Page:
The San Francisco Symphony Presents Its 
Annual Lunar New Year Concert & Celebration 
Saturday, February 2 In Davies Symphony Hall

Conductor Mei-Ann Chen leads the Orchestra in a program
of works by Asian and Asian-American composers
Concert features guest soloist George Gao on the erhu, a traditional Chinese two-stringed fiddle

The San Francisco Symphony rings in the Lunar New Year and the Year of the Snake on Saturday, February 2 at its 13th Annual Lunar New Year Concert and Celebration in Davies Symphony Hall. The celebrations begin with a Festival Reception at 3:00pm, followed by the 4:00pm Orchestra concert featuring conductor Mei-Ann Chen and erhu player George Gao in a program consisting entirely of music by Asian and Asian-American composers. The day concludes with the Lunar New Year Imperial Dinner in the Grand Rotunda of City Hall.

The pre-concert festivities in the Davies Symphony Hall lobbies provide family-friendly entertainment and activities, including children’s arts and crafts, lion dancing and Chinese calligraphy, as well as complimentary food, desserts and tea bars.

The 4:00pm concert, led by Taiwanese conductor Mei-Ann Chen in her SFS debut, celebrates the Lunar New Year and San Francisco’s unique cultural fabric by featuring a combination of traditional Asian music alongside orchestral works composed by Asian and Asian-American composers. The program features erhu player George Gao performing Cheng Gang and He Zhang-Hao’s The Butterfly Lovers Concerto, a work based on an ancient legend of the same name, and one of the most famous Chinese orchestral pieces. Originally written for violin and orchestra, The Butterfly Lovers Concerto can also be performed with traditional Chinese instruments such as the erhu. An erhu is a two-stringed bowed instrument, which may also be called a “Chinese two-stringed fiddle.” A versatile instrument, the erhu is used in traditional music as well as in contemporary settings such as in pop, rock and jazz.  Works by two Taiwanese composers are featured: An Angel from Formosa by Tyzen Hsiao, who is often referred to as ‘Taiwan’s Rachmaninoff’; and Kao Shan Ching’s Ali Mountain Evergreen. Saibei Dance by An-Lun Huang, and the traditional Lion Dance and Good News from Beijing Reaches Border Villages are also included on the program.

The elegant Lunar New Year Imperial Dinner, inspired by the rich visual pageantry of traditional New Year celebrations, is at 6:00pm in City Hall’s Grand Rotunda. Tickets for the Imperial Dinner are sold separately. The Lunar New Year Celebration is chaired by Mindy Sun and is made possible by the generous support of Presenting Partner HSBC Premier.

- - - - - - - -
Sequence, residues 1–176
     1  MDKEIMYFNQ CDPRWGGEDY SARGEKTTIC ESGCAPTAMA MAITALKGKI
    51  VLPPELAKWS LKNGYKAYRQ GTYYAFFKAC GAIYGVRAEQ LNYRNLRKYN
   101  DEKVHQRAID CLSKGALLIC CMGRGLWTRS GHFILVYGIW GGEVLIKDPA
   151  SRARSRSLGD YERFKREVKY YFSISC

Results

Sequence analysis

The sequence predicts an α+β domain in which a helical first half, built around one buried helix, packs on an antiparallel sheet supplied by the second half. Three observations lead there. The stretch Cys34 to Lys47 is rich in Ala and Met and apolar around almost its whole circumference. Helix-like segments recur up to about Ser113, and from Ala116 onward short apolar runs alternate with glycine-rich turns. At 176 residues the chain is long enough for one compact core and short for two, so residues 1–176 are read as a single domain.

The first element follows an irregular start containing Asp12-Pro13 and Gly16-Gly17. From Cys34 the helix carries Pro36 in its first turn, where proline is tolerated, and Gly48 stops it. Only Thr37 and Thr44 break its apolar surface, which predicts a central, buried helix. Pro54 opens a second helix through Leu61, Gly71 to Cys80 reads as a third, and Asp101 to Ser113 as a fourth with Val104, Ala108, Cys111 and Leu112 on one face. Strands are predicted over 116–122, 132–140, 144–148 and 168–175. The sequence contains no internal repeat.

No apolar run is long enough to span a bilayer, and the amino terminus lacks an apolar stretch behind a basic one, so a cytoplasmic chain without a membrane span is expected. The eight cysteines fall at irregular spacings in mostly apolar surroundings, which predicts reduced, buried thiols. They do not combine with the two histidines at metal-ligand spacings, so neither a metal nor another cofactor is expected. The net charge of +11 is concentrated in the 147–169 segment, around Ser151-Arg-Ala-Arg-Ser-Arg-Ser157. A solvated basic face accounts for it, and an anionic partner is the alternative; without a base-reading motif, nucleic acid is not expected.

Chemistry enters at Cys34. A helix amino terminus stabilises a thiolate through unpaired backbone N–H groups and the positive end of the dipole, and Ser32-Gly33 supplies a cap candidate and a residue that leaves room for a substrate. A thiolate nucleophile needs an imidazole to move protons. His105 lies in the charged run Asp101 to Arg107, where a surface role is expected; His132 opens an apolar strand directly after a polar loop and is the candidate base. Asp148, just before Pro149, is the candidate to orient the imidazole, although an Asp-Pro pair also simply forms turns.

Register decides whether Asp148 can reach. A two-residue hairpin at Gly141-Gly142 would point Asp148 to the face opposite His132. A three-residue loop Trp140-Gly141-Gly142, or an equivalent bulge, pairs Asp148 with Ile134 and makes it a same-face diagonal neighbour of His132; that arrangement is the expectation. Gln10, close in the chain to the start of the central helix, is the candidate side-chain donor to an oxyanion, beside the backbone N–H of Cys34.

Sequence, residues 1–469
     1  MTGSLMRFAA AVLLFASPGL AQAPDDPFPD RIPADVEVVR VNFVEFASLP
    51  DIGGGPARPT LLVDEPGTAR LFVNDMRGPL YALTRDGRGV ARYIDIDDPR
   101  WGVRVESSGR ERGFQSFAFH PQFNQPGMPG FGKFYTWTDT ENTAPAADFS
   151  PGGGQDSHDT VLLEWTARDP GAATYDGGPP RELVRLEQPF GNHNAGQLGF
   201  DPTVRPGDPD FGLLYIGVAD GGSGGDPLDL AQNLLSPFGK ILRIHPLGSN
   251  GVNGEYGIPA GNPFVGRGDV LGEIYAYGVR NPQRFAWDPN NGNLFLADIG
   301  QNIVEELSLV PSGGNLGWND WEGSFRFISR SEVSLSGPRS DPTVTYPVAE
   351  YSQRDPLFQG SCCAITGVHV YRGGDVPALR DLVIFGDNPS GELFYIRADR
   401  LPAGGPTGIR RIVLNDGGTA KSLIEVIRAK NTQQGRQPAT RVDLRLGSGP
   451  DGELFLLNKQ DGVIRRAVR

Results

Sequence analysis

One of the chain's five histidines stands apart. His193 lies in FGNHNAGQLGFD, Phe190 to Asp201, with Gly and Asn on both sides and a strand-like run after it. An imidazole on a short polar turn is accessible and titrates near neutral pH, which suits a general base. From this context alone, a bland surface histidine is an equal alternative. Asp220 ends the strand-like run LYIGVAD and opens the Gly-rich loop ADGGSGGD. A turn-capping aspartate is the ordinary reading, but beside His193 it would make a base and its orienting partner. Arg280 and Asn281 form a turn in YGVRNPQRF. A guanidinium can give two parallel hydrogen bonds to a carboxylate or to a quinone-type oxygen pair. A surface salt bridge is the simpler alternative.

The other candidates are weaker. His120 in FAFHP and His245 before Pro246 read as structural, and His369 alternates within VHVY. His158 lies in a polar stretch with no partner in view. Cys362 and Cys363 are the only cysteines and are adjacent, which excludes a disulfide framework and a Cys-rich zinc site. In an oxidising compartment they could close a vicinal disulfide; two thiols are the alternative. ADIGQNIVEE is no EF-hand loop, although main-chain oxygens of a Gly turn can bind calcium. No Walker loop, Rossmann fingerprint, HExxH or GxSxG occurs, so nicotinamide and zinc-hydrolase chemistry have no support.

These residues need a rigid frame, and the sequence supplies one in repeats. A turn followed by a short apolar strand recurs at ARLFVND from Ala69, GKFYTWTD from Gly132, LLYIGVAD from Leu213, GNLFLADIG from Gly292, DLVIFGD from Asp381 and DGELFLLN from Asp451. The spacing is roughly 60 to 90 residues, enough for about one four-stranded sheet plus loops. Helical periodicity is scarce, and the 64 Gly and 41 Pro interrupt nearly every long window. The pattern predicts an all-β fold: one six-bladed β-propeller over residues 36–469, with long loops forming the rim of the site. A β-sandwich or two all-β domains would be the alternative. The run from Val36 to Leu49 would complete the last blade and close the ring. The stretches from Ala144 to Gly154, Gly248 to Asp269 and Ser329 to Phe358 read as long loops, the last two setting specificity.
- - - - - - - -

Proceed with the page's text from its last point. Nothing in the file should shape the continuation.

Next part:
February 10, 2013 begins the Year of the Snake. Occupying the 6th position in the Chinese Zodiac, the Snake is the most enigmatic of the twelve zodiac animals. Those born under the sign of the Snake are elegant and enjoy reading, listening to great music, tasting delicious food, and going to the theater. They are fascinated with all beautiful things in life. A person born in the year of the Snake acts according to his or her own judgment, and doesn’t follow the views of others. Those born in 2001, 1989, 1977, 1965, 1953, 1941, 1929 and 1917 were born under the sign of the Snake.

Mei-Ann Chen  makes her San Francisco Symphony debut in this performance. She is currently in her third year as Music Director of the Memphis Symphony Orchestra. She is also beginning her second season as Music Director of the Chicago Sinfonietta. In 2012, the League of American Orchestras chose her for the prestigious Helen M. Thompson Award at their national conference in Dallas. The first woman to win the Malko Competition (2005), Chen has served as Assistant Conductor of the Atlanta, Baltimore and Oregon symphonies. Born in Taiwan, Mei-Ann Chen has lived in the United States since 1989. She holds a Doctor of Musical Arts degree in conducting from the University of Michigan, where she was a student of Kenneth Kiesler. Prior to that, she was the first student in New England Conservatory’s history to receive master’s degrees, simultaneously, in both violin and conducting.

Hailed as one of the most innovative and respected erhu masters today, George Gao began playing the erhu at the age of six. He studied at the Shanghai Conservatory of Music and the Royal Conservatory of Music in Toronto. He has toured extensively and has been featured as a soloist with the Toronto Symphony Orchestra, Bamberg Symphony Orchestra, Shanghai Symphony Orchestra, Taiwan National Chinese Orchestra, National Arts Center Orchestra, and I Musici, among many others. George Gao has also performed recitals at the Glenn Gould Studio, the Royal Conservatory of Music in Toronto, City Hall Concert Hall in Hong Kong, and Taipei’s National Concert Hall. An enthusiast of many musical styles, Gao has pioneered the development of new music for the erhu, fusing traditional Chinese music with jazz, Western classical music, new age, and other ethnic music from different world cultures. George Gao has composed music for many films and documentaries. In 2006, Gao co-composed and recorded the soundtrack for the Oscar-winning short documentary The Blood of Yingzhou District. In 2010, The Warriors of Qiugang, another short documentary for which Gao co-composed and recorded music, was also nominated for an Oscar. 

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